POWER QUESTIONS

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Leaders are often people who know when and how to ask a power question.  Some questions can block creativity, and send discouraging signals.  Some questions are empowering.  Diaconal leadership can be exercised by asking each other and our membership good questions.

POWER QUESTIONS
What’s the best question anyone ever asked you?
Would you like a cookie?
What did you do in school today?
Will you marry me?
 
Some questions are, well, forgettable. But some questions are powerful! Jesus used questions often to open up conversations to new dimensions, to get people to think about a whole new reality. Do you want to be healed?
 
Some questions just sit quietly in the back of our minds and influence our behaviors in ways we don’t even realize. We don’t even know we are asking this kind of question, but they lurk in the back of our mind and get in our way. What does this person really want from me? What problem will turn up next? How long will it be before I get hurt? Will I be able to handle this?   Habitual questions that reinforce doubt or fear or even anger DO influence the way we relate to others and to tasks.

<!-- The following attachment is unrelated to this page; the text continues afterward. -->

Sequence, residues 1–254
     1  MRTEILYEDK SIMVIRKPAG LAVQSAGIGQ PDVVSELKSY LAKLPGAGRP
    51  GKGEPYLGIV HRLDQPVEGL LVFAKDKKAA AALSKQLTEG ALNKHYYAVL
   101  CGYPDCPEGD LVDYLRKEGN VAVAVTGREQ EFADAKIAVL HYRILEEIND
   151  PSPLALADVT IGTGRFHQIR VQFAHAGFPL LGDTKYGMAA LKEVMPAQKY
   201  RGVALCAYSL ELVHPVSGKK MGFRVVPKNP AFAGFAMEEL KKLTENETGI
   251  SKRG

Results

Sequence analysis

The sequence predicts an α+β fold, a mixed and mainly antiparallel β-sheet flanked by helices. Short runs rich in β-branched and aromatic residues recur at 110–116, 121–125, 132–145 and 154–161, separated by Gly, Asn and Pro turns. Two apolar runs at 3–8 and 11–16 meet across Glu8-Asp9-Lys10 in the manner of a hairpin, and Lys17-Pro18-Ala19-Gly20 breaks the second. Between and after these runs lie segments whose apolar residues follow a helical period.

Deacons often think about needs – what needs do you have? What needs are there in the congregation? What needs are there in our community? Sometimes those questions are appropriate, but if this question-pattern shapes our outlook, we’ll tend to focus on needs and problems. 
 
What if we developed habits and patterns of looking for gifts, strengths, opportunities? When the widow came to Elisha, desperate because she had lost her husband and now was about to lose her boys to the creditor, Elisha’s response is significant: “How can I help you? Tell me, what do you have in your house?”   His first move to help is to ask her about her resources!   Jesus does something very similar in the feeding of the crowds. In both stories Jesus expects his disciples to take action, and he asks them what resources THEY have. 
 
We can ask questions that encourage, affirm, and invite trust. We can also ask questions that discourage, questions that demean, that create dependence. 
 
Deacons can create new patterns of thinking by asking power questions; we can break chronic patterns of hopelessness by asking faith questions.   What is your dream? What resources do you have? When did you solve a problem like this one?  
 
What would you like to ask?
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